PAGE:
My Beirut

My Beirut is a battlefield, a permanent fight of honking cars and suicidal pedestrians, lost in the hustle bustle of the city. My Beirut is an inextricable web of fantasies and myths and weird ideas, of apparent dangers and hidden kindness. 

My Beirut has been diabolised and insulted and torn apart and trampled, yet it kept going, blackened and bruised yet never defeated. 

My Beirut is the beating heart of a million people, all linked to her from a certain place under their left ribs, the cord so strong it can be frayed but never broken. 

My Beirut is the colourful place of half hidden memories, she’s alive and kicking like a spoilt child, she’s restless and bothered, hot and impatient, quick witted and forceful.

My Beirut is capable of the worst, parading its bullet holes like a sequin dress, carrying the bravado of fools looking for death amidst the chaos, leaving her legs open for murderers to loot her, allowing herself to sink so low the innoncence can never be retrieved, for we all know now the squalor beneath the glitter.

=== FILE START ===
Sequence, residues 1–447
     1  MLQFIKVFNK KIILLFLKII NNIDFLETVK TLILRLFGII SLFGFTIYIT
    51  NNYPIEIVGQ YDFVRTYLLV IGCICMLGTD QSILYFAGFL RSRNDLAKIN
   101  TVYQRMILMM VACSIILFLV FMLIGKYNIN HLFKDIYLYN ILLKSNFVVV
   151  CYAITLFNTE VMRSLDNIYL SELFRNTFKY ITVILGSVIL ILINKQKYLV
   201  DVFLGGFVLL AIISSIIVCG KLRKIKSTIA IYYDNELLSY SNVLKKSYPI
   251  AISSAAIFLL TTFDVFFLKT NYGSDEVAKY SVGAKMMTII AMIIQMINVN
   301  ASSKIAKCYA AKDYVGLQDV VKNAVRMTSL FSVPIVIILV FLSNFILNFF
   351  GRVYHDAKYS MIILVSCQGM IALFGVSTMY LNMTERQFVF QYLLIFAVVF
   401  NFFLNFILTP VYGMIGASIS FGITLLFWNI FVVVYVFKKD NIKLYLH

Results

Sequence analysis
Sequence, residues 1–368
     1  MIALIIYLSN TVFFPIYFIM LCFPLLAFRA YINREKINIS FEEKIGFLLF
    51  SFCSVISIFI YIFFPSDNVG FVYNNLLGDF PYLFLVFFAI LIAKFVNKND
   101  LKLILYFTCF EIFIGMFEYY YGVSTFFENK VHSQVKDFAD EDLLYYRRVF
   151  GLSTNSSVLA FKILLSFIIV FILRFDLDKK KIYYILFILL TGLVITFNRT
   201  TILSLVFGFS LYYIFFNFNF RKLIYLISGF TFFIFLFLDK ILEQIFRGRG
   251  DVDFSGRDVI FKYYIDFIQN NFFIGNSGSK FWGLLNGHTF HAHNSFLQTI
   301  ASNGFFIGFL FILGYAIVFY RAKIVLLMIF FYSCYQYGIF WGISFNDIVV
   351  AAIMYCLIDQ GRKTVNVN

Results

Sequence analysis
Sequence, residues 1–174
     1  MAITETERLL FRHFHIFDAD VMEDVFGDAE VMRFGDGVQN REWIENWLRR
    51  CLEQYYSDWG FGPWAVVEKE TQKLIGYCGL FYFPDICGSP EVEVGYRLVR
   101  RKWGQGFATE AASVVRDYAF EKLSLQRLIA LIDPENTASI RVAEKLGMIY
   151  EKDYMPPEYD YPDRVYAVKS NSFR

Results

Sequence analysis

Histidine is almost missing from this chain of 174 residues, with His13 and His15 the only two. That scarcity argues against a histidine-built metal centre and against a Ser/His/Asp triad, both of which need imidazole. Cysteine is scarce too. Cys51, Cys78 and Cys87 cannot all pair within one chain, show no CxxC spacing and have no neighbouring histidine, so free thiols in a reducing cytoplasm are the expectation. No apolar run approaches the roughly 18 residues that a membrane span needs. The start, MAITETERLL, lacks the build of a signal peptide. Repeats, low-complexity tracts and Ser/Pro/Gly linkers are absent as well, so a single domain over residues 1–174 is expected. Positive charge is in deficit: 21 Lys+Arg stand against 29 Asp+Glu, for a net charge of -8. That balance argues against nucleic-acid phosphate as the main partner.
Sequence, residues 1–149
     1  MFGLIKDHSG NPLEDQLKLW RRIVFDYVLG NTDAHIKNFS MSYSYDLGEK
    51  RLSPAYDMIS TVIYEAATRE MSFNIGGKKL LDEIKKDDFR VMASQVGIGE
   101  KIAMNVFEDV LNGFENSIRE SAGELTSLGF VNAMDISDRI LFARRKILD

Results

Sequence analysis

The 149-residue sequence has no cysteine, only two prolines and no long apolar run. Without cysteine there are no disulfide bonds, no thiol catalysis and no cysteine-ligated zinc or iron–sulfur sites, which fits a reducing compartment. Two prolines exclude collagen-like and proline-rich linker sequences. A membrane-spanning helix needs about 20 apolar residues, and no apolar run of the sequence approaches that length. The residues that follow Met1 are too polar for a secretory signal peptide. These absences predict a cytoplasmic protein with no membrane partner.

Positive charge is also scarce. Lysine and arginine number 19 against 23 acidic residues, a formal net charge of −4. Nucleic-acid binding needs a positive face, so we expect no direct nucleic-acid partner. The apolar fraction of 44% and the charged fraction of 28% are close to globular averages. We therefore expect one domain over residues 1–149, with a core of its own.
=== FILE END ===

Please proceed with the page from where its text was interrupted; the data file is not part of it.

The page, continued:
My Beirut is trying to make amends, wearing her new buildings like a dead corpse special make up, forgetting that it doesn’t do to cover up pain, anger and misery with marble slate and mock Dubai sky scrappers. My Beirut is no good at wearing truth on her sleeve, she’s no good at admitting to anything, she prefers to hide behind distorted explanations and constant bickering, it saves her the trouble of looking into the abyss that has been her life up till now.

My Beirut is to be found now in the smile of a stranger, in the crumbling beauty of an abandoned house in a zaroube in Ashrafieh, in a table of different generations of men playing cards on the sidewalk in front of their dekken, their game rocked by the humming of traffic next to them. 

My Beirut can be encountered in the smell of gardenia at the entrance of my old building, at the soft sand in Ramleh el Bayda, in the laughter of uniformed school girls, in the clamour of demonstrations, in the voices of citizens fed up with the icing on the rotten cake, eager to shake the city back to genuine life. 

My Beirut is in the eyes of boys and girls who still believe in her magic, however much people try to format and label her, she will always reinvent herself, escaping the bell jars she’s being forced into. 

My Beirut is a work in progress, a future to be unraveled, a window to be scrubbed clean. My Beirut isn’t one: it is thousands, and in each of them I see a little bit of myself. 

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